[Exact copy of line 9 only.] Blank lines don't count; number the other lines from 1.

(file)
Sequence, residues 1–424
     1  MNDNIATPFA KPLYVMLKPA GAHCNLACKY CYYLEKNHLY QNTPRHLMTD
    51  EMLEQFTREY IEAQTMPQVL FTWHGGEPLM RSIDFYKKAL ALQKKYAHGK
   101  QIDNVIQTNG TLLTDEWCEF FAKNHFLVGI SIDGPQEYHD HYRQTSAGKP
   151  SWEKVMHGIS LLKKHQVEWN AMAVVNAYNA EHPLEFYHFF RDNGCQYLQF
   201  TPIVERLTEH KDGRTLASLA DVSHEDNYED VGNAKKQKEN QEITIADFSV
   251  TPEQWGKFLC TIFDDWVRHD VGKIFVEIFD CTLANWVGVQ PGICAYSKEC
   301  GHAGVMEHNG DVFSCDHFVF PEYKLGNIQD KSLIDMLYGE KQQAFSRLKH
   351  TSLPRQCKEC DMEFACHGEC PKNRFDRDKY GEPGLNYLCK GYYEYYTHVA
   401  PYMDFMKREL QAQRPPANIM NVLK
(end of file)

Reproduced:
   351  TSLPRQCKEC DMEFACHGEC PKNRFDRDKY GEPGLNYLCK GYYEYYTHVA